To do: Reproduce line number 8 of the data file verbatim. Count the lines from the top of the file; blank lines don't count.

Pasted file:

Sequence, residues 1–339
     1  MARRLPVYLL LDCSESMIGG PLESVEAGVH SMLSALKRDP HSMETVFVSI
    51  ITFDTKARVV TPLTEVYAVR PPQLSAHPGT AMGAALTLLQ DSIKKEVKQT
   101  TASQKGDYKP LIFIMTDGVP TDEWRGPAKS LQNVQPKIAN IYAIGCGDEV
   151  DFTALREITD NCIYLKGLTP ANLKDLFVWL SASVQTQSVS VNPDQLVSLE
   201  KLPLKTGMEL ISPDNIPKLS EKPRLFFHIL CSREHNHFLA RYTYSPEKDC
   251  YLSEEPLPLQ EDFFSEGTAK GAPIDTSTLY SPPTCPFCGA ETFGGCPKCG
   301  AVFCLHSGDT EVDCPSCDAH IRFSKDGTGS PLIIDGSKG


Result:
   301  AVFCLHSGDT EVDCPSCDAH IRFSKDGTGS PLIIDGSKG